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Kaifeng Street Food


On a hot July evening we are sitting at a table on the sidewalk. There are hundreds of street vendors bustling around us. This is Kaifeng’s night market. The only thing hotter than the weather is the food. The Chinese believe in fighting fire with fire. Men walk around with their soaked shirts pulled up to their chests, showing their round bellies. Women have less options so they fan themselves like mad butterflies.

On our right, a couple sits down. The woman looks like a fair-skinned and kind faced teacher. A constant smile hangs on the corners of her wide mouth. Her man is a dire contrast to her. He is tall and dark like a construction worker from the countryside. He speaks little and smokes much. When the waiter comes he orders three beers all at once.

On our left is a group of rowdy children playing with plastic toys. A young  boy of three is laughing hard as he turns in circles while two other girls chase him with balloon swords.


The man who got us the seats is writing furiously on a little notebook. His job is to make sure today’s intake is good enough. He adds up all the numbers and nods. Finally a mug of beer is brought to him and he lights up a cigarette. The numbers are good. All the helpers: a cook, a waitress, two busboys, an old woman, they all let out a sigh of relief and take a breather. The rush hour is over.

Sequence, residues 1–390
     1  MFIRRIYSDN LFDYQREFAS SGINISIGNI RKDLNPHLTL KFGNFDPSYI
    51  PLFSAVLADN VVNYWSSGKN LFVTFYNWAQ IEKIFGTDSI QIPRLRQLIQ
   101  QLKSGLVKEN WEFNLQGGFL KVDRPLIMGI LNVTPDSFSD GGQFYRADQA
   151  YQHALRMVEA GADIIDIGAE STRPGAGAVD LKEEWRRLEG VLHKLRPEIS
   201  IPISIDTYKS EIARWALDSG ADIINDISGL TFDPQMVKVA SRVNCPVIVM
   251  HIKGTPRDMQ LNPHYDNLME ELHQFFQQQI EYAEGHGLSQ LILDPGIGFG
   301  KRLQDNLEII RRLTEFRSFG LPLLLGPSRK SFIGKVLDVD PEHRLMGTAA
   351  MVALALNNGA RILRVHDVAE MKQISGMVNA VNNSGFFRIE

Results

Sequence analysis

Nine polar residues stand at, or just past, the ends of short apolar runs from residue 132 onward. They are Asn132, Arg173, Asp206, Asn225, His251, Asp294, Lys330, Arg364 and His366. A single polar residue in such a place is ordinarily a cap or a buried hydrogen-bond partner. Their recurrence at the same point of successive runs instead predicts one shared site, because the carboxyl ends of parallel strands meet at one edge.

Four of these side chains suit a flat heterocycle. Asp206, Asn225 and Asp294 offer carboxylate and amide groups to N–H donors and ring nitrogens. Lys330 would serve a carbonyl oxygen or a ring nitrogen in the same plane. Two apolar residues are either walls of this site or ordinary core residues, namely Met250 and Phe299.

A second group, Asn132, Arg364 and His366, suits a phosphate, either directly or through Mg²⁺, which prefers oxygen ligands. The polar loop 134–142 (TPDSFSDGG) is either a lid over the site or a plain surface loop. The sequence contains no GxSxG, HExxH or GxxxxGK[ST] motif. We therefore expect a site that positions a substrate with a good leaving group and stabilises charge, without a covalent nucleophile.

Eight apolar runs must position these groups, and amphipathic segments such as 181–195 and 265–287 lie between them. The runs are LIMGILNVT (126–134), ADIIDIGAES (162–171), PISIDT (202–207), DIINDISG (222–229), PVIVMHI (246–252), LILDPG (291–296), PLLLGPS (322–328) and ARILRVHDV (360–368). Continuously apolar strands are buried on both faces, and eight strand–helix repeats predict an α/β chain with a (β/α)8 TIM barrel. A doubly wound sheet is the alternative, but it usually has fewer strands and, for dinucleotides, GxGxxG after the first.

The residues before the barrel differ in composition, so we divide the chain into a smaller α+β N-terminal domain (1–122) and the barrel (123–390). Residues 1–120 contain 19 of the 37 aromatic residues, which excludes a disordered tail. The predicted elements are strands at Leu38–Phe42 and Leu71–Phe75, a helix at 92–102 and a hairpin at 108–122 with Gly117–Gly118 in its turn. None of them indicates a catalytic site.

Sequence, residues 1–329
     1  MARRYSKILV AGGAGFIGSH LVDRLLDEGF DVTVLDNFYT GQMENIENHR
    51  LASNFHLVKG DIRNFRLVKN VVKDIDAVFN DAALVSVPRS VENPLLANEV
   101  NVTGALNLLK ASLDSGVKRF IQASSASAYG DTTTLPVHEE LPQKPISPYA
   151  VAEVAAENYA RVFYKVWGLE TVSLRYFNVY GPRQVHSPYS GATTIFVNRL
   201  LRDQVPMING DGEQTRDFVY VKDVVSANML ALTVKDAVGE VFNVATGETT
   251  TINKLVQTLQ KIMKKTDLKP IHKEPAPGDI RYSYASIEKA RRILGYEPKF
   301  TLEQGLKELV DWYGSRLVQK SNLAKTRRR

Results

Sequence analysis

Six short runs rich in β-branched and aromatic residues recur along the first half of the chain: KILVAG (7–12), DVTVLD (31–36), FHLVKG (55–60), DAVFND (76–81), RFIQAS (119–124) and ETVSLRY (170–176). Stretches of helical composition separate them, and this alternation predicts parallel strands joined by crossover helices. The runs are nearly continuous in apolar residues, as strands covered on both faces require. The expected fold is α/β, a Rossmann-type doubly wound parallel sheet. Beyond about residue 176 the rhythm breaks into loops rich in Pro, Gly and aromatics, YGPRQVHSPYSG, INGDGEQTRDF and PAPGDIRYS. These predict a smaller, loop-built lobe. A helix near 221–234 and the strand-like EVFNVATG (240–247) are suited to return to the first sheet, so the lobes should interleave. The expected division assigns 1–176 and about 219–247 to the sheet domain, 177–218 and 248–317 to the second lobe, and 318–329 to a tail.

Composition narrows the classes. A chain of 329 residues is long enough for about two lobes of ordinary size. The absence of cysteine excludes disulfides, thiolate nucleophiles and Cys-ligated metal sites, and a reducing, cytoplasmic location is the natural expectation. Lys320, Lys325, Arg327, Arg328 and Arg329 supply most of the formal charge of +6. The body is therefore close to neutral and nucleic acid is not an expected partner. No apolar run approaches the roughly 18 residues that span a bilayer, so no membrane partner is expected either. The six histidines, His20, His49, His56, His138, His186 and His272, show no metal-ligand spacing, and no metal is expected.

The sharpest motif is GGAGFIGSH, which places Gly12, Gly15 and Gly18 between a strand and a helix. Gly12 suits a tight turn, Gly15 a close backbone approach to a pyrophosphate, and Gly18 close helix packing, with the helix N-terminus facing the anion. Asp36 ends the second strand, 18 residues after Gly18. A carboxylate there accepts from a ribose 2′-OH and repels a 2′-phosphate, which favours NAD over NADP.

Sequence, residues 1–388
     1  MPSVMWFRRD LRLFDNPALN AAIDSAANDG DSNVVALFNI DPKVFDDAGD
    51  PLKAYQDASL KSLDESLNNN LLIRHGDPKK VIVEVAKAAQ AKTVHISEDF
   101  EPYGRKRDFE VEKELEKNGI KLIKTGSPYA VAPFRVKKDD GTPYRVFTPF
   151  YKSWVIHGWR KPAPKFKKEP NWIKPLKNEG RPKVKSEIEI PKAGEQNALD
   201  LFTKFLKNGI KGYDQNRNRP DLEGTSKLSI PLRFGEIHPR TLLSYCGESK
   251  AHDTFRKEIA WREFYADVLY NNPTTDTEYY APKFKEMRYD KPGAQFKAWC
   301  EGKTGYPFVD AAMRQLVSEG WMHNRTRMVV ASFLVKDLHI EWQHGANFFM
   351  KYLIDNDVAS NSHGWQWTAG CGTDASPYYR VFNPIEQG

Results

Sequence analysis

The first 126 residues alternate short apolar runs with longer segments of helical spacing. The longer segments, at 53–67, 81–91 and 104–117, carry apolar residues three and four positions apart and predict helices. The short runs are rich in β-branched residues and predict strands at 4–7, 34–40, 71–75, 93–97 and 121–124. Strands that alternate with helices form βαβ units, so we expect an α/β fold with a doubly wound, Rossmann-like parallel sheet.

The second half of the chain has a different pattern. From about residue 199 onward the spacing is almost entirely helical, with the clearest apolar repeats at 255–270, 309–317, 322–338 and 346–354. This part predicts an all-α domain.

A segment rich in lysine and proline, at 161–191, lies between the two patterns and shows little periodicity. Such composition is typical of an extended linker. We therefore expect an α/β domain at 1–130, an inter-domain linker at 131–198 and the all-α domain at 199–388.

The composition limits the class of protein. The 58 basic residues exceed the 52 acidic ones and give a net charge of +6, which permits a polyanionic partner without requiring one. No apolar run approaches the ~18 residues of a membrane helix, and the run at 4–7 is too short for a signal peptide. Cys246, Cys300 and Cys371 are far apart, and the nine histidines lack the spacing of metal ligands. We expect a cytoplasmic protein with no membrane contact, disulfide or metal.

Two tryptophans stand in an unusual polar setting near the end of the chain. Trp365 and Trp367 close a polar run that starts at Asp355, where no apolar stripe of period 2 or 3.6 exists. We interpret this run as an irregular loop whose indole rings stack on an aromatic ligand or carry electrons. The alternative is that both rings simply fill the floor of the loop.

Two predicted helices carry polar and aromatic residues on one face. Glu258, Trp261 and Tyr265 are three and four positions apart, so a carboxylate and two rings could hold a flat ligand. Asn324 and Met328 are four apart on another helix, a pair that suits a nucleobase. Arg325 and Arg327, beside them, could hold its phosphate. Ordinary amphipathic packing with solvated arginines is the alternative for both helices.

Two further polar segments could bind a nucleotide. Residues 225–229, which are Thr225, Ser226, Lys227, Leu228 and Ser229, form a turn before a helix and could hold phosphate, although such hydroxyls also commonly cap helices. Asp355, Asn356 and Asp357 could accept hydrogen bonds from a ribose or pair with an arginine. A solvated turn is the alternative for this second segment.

The vendor in the next stall is still in the struggle. His wife is his only helper. Unless you count their four year old daughter who is in a pink dress playing with a basket of chives. She looks up and sees a customer eating a plate of fried mung bean jello so she runs to her mom. Moments later she is happily entertained by her own plate of jello and eats it carefully.


Presently, an old lady approaches us and mumbles something inaudible. She stretches out her tin cup for emphasis. I put a twenty cent piece in her cup. The metal sound breaks the spell and she leaves us alone. Soon another man materializes near us with the same intention. I shake my head until he goes away.

Behind us, music spills out from a portable speaker. A young lady plays her guitar and sings for a group of men. Her songs are well know because everyone, including the cook, the little girl and the fair-skinned teacher all sing along with her and nod their heads in unison.

Here in Kaifeng’s Xisi night market, over a plate of cumin lamb kabob and light beer we find our bliss. When our plate of fried green eggplant finally arrives we are in ecstasy. This is life at its finest. Explorers amount a sea of strangers with strange foods and culture. We are adventurers who dare to step onto trains of unknown destinations, because in each other, we find all the solace and peace we require. No matter where we are or who we are surrounded by, we are never lost.



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